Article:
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I'm currently trying to build a model to recognize approximately 10 labels (food items) in a fairly controlled environment (refrigerator). I was unable to find datasets that worked well enough for my task, so I'm attempting to curate one myself.

So far this has been my approach:

  • Capture images with a smartphone
  • Annotate in LabelImg
  • Train in Detectron2 / pyTorch

I have 2 questions:

  1. Given that the environment is somewhat consistent throughout all samples, is there a ballpark number / rule of thumb for a decent number of samples to use per class? (100 train / 100 test)? This is a proof of concept project, so I'm just looking for something with reasonable accuracy (80%+)

  2. After I've captured my images (let's say via smartphone) are there any preprocessing steps (other than annotating) that are necessary before using as training data? (i.e resize the images, reduce file size, format)

Absolutely any help is appreciated, and of course other tips/suggestions you feel may be useful.

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Given that the environment is somewhat consistent throughout all samples, is there a ballpark number / rule of thumb for a decent number of samples to use per class? (100 train / 100 test)? This is a proof of concept project, so I'm just looking for something with reasonable accuracy (80%+)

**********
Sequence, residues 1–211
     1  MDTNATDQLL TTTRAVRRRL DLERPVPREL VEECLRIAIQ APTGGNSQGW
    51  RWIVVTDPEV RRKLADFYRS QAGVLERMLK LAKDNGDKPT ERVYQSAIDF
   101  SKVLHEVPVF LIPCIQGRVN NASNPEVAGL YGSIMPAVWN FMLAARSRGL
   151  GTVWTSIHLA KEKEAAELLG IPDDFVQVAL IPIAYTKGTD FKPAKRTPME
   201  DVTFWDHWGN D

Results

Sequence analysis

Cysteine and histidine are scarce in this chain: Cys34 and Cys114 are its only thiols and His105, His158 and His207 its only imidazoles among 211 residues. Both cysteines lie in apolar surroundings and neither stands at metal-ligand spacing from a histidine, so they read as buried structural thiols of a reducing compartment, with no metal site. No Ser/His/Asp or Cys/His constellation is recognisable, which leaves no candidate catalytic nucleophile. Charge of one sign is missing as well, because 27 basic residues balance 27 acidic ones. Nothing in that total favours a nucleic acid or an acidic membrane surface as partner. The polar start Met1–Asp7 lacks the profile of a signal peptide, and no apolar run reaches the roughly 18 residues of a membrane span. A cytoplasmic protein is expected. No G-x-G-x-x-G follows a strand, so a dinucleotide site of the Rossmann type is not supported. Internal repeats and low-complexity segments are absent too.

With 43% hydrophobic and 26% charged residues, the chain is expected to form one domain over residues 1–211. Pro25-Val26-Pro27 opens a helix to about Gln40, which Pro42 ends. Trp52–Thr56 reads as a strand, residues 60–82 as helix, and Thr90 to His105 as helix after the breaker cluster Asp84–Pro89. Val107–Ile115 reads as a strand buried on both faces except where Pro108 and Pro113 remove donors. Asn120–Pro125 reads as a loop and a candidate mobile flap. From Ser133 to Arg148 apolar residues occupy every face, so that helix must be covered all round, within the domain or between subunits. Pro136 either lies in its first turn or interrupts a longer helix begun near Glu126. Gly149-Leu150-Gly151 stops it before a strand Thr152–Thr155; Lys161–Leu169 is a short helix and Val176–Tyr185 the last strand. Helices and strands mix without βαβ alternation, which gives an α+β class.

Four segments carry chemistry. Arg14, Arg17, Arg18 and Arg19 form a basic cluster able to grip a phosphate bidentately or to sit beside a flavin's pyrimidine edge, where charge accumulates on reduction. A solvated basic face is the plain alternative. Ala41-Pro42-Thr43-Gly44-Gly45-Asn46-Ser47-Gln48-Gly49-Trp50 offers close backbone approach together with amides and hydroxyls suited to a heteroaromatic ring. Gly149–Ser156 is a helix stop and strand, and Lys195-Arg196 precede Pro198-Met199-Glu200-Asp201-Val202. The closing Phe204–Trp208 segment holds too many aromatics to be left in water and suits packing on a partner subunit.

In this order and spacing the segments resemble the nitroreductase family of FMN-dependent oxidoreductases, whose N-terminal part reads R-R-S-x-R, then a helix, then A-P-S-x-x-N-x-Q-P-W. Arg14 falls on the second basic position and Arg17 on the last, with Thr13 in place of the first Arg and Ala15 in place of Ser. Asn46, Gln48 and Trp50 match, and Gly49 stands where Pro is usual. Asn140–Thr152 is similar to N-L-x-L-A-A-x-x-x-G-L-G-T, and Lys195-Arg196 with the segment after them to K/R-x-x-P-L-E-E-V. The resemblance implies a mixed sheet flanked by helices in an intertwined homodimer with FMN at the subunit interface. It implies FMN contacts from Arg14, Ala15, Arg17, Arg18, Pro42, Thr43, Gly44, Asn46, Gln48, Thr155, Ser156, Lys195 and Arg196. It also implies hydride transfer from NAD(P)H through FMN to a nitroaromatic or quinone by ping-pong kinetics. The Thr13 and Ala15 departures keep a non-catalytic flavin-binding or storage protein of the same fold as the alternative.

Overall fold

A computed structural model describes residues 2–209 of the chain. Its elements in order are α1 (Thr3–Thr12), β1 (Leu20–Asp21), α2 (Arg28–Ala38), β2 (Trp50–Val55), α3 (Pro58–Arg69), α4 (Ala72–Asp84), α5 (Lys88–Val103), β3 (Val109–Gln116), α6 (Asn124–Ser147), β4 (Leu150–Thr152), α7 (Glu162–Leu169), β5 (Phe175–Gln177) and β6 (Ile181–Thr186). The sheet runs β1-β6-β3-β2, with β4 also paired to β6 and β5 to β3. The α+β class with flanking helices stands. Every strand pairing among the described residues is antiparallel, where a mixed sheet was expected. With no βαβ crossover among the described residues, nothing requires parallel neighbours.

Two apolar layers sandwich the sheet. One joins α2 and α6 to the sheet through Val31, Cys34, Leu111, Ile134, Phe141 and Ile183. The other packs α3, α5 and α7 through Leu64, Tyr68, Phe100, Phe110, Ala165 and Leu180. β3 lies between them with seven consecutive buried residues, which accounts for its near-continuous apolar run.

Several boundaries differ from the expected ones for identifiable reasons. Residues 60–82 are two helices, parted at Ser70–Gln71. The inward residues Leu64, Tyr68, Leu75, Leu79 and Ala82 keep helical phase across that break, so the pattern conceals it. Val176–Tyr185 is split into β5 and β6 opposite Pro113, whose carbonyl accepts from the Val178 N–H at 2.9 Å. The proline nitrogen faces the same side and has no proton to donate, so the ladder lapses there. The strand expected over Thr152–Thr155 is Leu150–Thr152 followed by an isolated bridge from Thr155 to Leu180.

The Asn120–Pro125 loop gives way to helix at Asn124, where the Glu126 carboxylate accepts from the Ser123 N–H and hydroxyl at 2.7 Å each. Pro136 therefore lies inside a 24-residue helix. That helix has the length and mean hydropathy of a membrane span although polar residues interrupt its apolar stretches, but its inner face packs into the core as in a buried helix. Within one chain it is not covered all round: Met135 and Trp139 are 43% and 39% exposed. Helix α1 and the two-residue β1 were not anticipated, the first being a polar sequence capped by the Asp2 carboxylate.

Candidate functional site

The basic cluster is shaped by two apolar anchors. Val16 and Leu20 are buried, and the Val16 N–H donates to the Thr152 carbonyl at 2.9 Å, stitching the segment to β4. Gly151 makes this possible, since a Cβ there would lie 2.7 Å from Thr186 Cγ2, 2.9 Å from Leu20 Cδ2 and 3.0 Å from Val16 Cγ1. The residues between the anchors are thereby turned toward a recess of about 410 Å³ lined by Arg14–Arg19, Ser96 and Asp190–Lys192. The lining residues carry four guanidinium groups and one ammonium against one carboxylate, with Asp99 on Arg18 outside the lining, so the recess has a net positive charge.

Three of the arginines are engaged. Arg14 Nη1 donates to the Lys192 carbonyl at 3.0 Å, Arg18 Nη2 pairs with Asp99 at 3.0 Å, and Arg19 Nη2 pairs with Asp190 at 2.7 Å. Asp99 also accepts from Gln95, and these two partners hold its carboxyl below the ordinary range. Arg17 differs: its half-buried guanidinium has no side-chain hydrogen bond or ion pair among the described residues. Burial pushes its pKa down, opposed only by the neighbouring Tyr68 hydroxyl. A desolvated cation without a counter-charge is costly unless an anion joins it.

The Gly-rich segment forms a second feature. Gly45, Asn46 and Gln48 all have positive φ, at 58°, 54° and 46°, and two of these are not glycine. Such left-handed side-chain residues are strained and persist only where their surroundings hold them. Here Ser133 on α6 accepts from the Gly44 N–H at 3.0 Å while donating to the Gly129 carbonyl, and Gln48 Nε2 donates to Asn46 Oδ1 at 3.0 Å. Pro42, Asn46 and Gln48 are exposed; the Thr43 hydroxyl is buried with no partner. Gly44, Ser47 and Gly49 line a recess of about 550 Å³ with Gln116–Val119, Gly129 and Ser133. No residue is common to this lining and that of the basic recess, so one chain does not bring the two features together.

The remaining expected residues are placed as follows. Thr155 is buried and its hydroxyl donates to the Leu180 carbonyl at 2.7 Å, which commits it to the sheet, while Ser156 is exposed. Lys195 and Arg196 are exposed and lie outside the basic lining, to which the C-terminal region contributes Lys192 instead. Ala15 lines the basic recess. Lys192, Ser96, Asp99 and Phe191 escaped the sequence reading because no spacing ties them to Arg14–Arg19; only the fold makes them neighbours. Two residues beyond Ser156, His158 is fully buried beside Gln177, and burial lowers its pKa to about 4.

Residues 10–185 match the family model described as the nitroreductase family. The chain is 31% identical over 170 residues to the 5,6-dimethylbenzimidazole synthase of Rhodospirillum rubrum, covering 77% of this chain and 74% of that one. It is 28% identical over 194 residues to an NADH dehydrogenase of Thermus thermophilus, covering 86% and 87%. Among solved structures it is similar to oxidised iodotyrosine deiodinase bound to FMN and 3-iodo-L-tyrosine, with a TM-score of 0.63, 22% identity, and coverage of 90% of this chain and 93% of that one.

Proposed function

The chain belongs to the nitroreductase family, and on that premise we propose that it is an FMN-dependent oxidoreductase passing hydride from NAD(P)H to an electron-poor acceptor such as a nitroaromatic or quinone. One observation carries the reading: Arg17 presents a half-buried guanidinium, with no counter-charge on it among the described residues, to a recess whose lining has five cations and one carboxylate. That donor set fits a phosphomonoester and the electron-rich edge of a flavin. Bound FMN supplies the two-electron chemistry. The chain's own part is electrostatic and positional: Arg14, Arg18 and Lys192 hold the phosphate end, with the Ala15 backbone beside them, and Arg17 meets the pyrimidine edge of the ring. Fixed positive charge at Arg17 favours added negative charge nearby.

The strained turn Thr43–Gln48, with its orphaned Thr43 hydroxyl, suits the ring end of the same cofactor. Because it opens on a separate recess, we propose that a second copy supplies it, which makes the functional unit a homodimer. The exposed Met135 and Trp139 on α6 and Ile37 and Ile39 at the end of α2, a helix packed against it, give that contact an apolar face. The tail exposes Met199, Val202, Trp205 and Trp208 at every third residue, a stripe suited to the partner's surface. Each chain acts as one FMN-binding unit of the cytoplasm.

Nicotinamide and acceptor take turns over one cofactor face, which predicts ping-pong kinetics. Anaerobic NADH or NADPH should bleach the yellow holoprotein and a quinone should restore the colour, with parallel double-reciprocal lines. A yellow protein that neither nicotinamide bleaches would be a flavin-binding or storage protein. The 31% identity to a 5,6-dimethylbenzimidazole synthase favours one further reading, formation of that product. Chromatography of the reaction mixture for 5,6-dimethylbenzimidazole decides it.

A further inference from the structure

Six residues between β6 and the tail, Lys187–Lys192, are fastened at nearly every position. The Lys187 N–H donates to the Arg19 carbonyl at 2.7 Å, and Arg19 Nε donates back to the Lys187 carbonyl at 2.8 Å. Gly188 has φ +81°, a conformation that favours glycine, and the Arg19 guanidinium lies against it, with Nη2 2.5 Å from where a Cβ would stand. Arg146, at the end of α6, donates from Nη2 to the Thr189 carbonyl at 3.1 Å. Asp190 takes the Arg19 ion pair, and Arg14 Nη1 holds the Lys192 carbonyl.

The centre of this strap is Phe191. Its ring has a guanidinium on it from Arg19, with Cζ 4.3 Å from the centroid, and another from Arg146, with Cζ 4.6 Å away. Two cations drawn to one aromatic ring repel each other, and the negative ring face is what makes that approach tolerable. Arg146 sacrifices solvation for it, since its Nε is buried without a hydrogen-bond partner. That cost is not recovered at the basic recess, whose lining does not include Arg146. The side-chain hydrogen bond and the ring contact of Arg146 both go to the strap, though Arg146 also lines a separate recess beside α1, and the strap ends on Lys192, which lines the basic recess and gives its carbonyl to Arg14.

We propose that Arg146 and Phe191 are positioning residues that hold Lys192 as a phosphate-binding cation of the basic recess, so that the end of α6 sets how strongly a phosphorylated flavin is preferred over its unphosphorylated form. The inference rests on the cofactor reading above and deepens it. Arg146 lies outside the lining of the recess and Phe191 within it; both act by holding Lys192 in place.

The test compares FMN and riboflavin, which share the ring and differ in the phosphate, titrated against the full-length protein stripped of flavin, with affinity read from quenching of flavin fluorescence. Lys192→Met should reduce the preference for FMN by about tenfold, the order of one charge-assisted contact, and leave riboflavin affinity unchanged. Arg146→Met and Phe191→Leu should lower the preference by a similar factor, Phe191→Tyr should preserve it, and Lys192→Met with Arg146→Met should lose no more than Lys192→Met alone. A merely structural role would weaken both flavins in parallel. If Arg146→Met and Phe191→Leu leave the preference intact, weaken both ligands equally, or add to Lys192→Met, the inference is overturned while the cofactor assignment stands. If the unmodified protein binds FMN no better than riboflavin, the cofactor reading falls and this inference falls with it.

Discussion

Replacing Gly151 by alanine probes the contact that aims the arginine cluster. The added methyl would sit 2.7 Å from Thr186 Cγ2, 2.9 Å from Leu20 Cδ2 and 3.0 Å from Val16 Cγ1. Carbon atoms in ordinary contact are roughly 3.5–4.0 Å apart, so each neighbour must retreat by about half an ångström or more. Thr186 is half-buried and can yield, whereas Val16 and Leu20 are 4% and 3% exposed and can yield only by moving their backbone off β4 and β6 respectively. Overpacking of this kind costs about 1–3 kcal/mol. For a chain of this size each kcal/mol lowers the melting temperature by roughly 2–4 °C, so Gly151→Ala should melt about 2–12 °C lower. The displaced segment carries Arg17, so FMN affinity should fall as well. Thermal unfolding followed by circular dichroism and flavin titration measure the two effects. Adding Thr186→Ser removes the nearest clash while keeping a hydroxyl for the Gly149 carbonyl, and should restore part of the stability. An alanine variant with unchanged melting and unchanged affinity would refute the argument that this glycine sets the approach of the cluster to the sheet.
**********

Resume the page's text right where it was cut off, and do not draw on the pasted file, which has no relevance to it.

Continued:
This really differs from problem to problem. The number of observations needed to reach a given threshold of quality depends on how easy it is for a Neural Network to classify them correctly. Unfortunately, only a person with your specific domain knowledge can say that. I have seen CNN multi-classification tasks made on few hundres of observations per class. In that case, a massive amount of data agumentation would be fundamental. A good rule of thumb is to be at least in the order of thousands. However, hundreds of obs. per class + data augmentation might work, I suggest you to try with a smaller dataset, and increase its size in case it's not enough.


After I've captured my images (let's say via smartphone) are there any preprocessing steps (other than annotating) that are necessary before using as training data? (i.e resize the images, reduce file size, format)

Image size is the most important issue. CNNs require an input of constant size (height, width, channels). Conv layers can already take care of zero padding of smaller images. However, you might rescale larger ones. You can create an input pipeline to preprocess image data, that can then be fed into the CNN. The main purpose of this pipeline is to keep the images in an acceptable size (depending largely on you computational power).